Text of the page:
Afghan authorities and FIFA are investigating allegations of sexual abuse of members of the national women’s soccer team by officials from the Afghan football federation.
Britain’s Guardian newspaper reported on Friday that senior figures associated with the Afghanistan women’s team alleged that players were molested at the federation’s headquarters and at a training camp in Jordan last February.
The AFF’s president Keramuudin Karim has been named as one of the alleged perpetrators.
Interior Ministry spokesman Najib Danish said the government took the allegations very seriously and was examining the case.
Britain’s Guardian newspaper reported on Friday that senior figures associated with the Afghanistan women’s team alleged that some players were molested at by officials from the Afghan football federation
‘Based on a decision from the Attorney General’s office, a team has been set up to investigate the case,’ he said.
The Afghan Football Federation denied the claims in a statement, saying it ‘vigorously rejects the false accusations’ and has a ‘zero-tolerance policy towards any such type of behaviour’.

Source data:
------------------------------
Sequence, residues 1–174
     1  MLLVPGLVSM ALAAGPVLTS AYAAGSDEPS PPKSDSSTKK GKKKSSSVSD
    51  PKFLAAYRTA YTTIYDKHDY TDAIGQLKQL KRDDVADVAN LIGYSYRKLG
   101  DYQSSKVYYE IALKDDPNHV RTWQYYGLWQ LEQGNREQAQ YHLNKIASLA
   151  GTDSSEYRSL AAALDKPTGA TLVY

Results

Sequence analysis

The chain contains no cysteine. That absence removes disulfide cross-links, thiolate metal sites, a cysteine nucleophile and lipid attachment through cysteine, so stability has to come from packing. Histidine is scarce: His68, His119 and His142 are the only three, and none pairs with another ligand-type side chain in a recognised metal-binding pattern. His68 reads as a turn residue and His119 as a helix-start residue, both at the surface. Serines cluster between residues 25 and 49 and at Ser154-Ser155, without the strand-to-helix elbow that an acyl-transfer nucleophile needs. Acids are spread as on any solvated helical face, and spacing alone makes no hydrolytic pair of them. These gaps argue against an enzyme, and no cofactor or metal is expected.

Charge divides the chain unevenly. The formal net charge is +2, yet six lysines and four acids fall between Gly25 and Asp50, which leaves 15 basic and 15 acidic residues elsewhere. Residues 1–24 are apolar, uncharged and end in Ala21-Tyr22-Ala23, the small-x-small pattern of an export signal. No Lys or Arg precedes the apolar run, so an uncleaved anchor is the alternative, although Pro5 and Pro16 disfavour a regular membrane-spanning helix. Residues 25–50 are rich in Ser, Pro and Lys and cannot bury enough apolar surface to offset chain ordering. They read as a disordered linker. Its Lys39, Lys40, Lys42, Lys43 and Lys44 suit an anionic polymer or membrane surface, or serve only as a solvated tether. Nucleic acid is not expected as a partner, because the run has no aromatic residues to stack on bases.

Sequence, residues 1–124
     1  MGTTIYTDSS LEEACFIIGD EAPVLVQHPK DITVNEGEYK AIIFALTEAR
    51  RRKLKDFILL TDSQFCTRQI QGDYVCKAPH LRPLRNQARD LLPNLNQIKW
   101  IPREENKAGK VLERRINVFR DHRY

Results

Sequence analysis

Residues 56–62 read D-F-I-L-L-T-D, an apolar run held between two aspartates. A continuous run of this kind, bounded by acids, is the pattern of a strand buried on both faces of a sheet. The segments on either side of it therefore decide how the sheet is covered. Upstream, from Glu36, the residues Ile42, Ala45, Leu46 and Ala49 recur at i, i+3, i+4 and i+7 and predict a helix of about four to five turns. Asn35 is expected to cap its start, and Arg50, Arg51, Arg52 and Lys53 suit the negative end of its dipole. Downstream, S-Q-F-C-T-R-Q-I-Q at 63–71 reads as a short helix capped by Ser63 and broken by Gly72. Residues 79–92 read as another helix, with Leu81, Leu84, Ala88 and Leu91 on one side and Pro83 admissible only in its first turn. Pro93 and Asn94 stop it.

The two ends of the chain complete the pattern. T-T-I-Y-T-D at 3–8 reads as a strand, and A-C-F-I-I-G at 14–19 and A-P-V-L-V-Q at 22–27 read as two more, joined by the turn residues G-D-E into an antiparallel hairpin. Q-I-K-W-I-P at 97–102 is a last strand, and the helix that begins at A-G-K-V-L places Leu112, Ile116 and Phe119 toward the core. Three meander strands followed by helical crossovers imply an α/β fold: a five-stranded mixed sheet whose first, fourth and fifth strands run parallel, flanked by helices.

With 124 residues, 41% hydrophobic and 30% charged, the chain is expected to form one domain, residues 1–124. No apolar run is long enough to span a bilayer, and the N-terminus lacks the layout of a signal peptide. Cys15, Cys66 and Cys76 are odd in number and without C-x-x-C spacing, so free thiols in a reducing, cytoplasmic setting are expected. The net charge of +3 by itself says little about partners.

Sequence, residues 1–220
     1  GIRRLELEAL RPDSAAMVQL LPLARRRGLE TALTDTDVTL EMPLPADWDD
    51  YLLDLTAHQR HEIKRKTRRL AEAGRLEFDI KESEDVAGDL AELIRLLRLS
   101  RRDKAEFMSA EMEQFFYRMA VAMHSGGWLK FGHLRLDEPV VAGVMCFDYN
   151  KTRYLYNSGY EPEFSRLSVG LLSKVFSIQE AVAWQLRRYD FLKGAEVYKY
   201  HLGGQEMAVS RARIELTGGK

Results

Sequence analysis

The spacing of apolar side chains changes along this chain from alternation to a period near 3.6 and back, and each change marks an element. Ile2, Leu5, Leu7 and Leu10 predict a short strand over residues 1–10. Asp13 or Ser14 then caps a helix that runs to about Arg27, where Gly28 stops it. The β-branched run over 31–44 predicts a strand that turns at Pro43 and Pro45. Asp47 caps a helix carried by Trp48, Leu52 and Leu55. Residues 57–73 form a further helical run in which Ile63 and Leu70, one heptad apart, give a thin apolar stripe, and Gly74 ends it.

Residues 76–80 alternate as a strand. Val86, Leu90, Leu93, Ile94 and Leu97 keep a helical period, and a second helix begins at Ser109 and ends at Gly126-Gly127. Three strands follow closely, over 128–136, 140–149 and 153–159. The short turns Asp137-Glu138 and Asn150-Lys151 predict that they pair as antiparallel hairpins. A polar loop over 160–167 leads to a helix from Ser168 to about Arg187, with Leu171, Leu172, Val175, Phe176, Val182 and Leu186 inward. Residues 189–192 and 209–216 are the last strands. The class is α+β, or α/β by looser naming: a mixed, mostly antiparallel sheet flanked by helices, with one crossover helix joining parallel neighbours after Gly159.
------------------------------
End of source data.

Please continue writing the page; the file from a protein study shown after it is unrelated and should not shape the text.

The federation also warned that the report could lead to threats being made against members of the women’s team.
At a news conference on Saturday, AFF Secretary General Sayed Aghazada added: ‘Such allegations are baseless and we will have a thorough investigation.’
Allegations of sexual contact outside marriage can have deadly consequences in Afghanistan.
Secretary general of the Afghanistan football federation (AFF) Sayed Alireza Aqazada (left) speaks during a press conference in Kabul on December 1, 2018. Football’s world governing body FIFA is looking in to claims of sexual and physical abuse on the Afghanistan national women’s team
Secretary general of the Afghanistan football federation (AFF) has ‘vigorously’ rejected the abuse claims made this week in Britain’s Guardian newspaper
Victims of sexual harassment are often extremely reluctant to come forward for fear that they will be accused of adultery.
A spokesperson at FIFA, the world football federation, said it had a ‘zero tolerance’ policy on abuse and was looking into the Afghan case but addressing the issue in a ‘do no harm way’ towards the victims.
‘As some aspects of these allegations involve sensitive topics linked to the protection of those involved, we have sought support from relevant parties who willingly offered their support to FIFA,’ the spokesperson said in an emailed statement.
‘Once the facts are established whatever remedial measures needed will be taken.’
The team’s main sponsor, the Danish sportswear brand Hummel, has severed its ties with the AFF over the claims has called for new leadership, the Guardian reported.
Hummel said it was ‘presented with strong allegations of severe mental, physical, sexual and equal-rights abuse of the female players by male AFF officials’.